all Space and shape worksheets

Perimeter and area compared

The perimeter is the distance all the way around the outside of a 2D shape. Area is the amount of space a surface takes up. We measure area in square units. Can you answer these questions (it may help you to draw these shapes on centimetre-squared paper)?

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Parts of a circle

Here is a picture of a circle. Its centre is marked with a red dot. Can you measure the circle’s radius, diameter and circumference?

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Formulas for calculating area and volume of shapes

The quickest way to find the area of a 2D shape is to use a formula. Can you use the right formula to find the areas of these shapes? With 3D shapes we can also find the volume, which means the quantity of space taken up by the shape. Can you use the right formula to find the volumes of these cuboids?

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Calculating the area of parallelograms and triangles

To work out the area of a triangle, we use the formula: area = ½ x base x height. See if you can calculate the areas of these triangles.

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Reflecting, rotating and translating shapes

Can you draw this shape’s reflection in the mirror line?

Estimating angles

Some of these angles are acute, some are obtuse. Decide which they are, then write an estimate for how many degrees you think each one measures. Measure them with a protractor to see if you were right

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Properties of 3D shapes

These four shapes fit in the column on the left. Can you draw them in the correct places and name them? If you’d like to count the faces yourself, use a net of each of the shapes to make a 3D shape you can hold.

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Calculating the perimeter and area of irregular shapes

Once you know how to find the area of a rectangle, you can use this knowledge to find the area of irregular, compound shapes as long as they are made up of rectangles or squares. Can you calculate the area and perimeter of the shapes below?

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Parallel and perpendicular lines in 2D shapes

Parallel lines are always the same distance apart. Perpendicular lines are at right angles to each other. Can you put these shapes into the correct place in the Carroll diagram?

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Angles in a triangle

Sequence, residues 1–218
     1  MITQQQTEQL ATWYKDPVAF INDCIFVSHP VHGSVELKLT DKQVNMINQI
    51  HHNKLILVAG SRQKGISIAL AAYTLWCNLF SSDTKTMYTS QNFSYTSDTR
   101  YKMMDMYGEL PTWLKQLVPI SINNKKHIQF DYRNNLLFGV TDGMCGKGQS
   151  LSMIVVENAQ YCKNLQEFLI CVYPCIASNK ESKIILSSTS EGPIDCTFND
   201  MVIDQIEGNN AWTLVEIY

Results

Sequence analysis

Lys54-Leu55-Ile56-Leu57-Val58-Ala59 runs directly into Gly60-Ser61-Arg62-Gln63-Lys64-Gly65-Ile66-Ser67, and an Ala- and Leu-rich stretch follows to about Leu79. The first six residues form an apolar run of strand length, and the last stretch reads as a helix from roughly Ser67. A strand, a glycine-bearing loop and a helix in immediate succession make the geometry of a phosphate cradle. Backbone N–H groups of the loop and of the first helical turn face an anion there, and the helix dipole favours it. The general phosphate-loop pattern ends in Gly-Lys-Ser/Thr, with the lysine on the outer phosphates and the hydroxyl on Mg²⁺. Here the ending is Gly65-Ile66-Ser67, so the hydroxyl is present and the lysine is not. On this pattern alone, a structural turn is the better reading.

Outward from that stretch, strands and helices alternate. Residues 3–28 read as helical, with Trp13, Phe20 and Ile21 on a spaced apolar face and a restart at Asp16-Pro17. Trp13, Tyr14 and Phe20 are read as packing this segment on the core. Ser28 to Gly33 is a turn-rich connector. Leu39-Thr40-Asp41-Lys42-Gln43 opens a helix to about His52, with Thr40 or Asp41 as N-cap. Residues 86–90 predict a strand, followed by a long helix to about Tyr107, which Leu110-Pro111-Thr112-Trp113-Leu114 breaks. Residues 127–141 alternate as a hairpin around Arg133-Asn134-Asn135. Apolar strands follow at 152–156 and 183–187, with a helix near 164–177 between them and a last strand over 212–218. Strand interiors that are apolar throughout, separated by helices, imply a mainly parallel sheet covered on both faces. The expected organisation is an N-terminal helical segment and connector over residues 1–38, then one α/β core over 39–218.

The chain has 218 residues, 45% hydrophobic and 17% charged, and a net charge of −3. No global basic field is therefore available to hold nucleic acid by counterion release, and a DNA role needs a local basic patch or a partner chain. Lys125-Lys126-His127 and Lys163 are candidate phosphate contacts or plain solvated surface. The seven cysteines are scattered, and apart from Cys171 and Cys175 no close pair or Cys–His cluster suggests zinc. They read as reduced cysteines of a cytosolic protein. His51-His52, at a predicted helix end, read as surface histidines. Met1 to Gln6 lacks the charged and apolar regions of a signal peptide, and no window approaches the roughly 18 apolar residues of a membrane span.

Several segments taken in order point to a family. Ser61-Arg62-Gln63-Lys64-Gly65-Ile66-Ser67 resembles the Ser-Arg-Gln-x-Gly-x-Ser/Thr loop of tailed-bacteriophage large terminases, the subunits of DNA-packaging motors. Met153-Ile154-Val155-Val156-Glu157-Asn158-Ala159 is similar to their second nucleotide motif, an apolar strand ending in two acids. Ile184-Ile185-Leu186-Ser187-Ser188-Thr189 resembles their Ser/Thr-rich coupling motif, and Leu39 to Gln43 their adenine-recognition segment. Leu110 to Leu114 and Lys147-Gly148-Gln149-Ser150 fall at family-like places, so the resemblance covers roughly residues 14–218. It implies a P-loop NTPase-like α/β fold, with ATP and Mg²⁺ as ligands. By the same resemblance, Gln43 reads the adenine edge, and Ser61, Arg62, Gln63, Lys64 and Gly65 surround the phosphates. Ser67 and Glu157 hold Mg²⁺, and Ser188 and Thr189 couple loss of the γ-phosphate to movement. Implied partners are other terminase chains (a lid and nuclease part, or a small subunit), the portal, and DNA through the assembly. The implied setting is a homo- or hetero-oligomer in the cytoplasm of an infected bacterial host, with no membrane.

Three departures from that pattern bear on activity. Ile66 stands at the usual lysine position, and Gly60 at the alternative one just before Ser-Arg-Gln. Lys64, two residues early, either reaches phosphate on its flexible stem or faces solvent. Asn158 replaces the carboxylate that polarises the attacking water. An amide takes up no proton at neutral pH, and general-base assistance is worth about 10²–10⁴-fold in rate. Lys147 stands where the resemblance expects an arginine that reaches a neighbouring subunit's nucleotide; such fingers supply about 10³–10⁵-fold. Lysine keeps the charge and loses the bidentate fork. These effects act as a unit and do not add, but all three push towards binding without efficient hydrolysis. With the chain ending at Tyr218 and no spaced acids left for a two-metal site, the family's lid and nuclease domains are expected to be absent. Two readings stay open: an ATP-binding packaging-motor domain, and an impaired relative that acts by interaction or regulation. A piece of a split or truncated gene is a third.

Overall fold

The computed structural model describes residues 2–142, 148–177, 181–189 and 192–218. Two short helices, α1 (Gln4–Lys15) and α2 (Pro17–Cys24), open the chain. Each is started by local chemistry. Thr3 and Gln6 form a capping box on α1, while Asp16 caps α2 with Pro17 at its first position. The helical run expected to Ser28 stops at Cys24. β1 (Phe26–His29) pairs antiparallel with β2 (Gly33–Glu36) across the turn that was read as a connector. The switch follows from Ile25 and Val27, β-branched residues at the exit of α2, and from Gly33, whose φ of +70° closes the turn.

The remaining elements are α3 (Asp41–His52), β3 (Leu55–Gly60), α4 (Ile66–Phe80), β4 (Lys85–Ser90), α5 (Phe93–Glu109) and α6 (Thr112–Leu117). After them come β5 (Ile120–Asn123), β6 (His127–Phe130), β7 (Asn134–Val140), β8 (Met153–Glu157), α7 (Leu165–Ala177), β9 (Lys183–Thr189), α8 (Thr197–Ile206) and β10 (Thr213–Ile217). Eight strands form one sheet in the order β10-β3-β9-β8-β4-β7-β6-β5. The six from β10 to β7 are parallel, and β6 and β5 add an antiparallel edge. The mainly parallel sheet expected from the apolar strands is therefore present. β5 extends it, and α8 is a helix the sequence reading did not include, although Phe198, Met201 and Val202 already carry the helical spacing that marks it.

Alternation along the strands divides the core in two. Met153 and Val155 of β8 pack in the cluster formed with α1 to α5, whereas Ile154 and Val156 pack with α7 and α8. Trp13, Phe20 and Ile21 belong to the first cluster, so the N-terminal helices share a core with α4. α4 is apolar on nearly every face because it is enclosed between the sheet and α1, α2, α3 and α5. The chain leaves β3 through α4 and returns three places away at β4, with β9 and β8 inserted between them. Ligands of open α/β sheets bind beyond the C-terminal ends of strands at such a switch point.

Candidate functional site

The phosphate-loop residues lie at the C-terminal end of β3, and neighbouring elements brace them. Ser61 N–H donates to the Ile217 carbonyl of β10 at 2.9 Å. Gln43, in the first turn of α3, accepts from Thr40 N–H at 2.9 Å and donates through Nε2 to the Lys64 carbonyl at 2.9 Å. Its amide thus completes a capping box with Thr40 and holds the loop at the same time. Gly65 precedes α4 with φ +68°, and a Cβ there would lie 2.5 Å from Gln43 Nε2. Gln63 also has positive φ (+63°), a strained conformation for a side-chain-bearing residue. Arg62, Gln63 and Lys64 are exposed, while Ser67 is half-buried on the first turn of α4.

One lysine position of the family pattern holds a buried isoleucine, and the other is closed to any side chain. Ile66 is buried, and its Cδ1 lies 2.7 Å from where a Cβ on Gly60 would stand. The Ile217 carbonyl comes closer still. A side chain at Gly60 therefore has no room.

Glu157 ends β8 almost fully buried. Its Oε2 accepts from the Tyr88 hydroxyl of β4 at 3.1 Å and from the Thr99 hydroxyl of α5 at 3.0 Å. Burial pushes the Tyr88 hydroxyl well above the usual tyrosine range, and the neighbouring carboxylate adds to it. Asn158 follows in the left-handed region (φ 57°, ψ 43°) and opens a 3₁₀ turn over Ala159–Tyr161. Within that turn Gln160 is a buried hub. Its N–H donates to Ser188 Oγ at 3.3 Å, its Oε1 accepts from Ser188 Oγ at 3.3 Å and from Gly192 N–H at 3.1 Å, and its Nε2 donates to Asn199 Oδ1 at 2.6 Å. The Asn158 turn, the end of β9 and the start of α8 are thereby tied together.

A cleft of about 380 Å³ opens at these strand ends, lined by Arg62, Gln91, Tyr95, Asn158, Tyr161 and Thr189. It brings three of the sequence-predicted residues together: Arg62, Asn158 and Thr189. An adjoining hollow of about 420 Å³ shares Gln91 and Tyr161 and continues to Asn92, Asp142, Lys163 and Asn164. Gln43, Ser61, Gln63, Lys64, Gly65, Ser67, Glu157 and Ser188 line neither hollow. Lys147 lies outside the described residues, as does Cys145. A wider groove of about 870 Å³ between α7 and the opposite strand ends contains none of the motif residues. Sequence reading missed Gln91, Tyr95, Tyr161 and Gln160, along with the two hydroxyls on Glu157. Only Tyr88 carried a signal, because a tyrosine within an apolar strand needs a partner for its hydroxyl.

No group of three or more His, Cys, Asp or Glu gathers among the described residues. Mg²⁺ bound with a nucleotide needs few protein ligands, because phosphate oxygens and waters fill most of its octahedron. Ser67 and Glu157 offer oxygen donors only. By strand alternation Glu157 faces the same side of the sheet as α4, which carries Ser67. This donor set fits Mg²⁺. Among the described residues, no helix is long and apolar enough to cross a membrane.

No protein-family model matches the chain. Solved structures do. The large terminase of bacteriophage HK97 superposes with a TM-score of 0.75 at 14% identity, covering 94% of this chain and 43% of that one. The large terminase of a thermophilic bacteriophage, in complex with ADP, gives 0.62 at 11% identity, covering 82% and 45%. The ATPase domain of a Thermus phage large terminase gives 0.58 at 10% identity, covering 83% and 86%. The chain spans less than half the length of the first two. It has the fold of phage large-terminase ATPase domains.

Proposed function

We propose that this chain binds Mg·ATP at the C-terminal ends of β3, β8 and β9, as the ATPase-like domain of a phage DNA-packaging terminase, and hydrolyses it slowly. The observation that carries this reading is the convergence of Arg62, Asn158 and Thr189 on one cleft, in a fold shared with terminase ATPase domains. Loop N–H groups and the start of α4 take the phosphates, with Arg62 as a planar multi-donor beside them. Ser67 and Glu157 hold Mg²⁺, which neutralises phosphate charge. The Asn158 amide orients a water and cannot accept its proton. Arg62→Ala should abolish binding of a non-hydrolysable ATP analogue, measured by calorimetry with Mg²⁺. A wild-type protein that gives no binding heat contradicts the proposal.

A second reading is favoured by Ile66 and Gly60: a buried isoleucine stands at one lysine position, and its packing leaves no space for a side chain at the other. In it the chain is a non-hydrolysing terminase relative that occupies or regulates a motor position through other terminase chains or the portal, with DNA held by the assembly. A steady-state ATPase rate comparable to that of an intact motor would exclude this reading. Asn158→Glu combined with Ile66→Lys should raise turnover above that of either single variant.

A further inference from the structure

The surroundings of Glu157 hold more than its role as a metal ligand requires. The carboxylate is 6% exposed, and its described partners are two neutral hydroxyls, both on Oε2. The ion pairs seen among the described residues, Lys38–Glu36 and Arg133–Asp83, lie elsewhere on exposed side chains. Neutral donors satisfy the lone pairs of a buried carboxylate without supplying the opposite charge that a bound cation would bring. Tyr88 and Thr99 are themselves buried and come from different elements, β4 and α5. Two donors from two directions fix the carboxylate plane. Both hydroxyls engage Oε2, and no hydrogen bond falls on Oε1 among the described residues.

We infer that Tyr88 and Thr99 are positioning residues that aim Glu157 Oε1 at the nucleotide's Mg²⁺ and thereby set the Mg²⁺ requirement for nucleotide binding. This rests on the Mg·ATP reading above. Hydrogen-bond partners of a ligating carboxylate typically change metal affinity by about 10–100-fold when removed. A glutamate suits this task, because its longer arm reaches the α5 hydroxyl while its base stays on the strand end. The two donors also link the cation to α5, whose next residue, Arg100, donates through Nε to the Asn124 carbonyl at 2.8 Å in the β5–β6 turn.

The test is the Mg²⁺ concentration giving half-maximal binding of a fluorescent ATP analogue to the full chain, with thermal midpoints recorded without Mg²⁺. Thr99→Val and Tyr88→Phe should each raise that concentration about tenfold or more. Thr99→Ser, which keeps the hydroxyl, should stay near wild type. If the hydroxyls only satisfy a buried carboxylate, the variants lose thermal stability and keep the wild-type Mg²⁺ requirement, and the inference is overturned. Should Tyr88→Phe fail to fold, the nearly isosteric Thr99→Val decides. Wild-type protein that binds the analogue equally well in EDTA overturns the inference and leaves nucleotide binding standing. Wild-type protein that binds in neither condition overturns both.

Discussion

The three inside angles in a triangle always add up to 180 degrees. Can you work out what the following angles are, WITHOUT a protractor?

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Drawing angles

Protractors at the ready! Measure these angles then draw the correct answers to these word problems.

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Angles around a point

A full turn is 360 degrees, so the angles around a point always add up to 360 degrees. Can you look at these diagrams and work out what the missing angles are, WITHOUT using a protractor?

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Translating a shape

Translating a shape means moving it up or down or sideways without it changing shape or size. This shape needs to be translated 4 squares right and 3 squares up. Can you redraw it in its new location?

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Reflecting a shape

Something is symmetrical when both sides of it are the same when cut in half. The line down the middle of a symmetrical shape is called the line of symmetry or mirror line. Can you draw this shape reflected in the mirror line?

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Calculating perimeter

Imagine an ant crawling around the outside of a shape. The distance the ant walks is the shape’s perimeter. Can you measure the sides of these shapes by counting the squares and work out their perimeters?

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Calculating area

Area is the name we use for the amount of space a surface takes up. You could measure the area of a small space like a table or a big space like the school field. We measure area in square units. Can you calculate the area of these shapes?

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Calculating angles on a straight line

Angles on a straight line will always add up to 180 degrees. Can you work out what the missing angles are? Don’t try to measure them with a protractor – they are deliberately not drawn correctly!

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Symmetry explained

Something is symmetrical when it is the same on both sides. Can you make this butterfly symmetrical by drawing the same patterns on its wings on both sides?

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Finding cubes and cuboids

Do you know the difference between a cube and a cuboid? Ask your mum or dad to help you find objects shaped like a cube and a cuboid. Now take them around your house and look for more cubes and cuboids! Draw the objects you find in the table.

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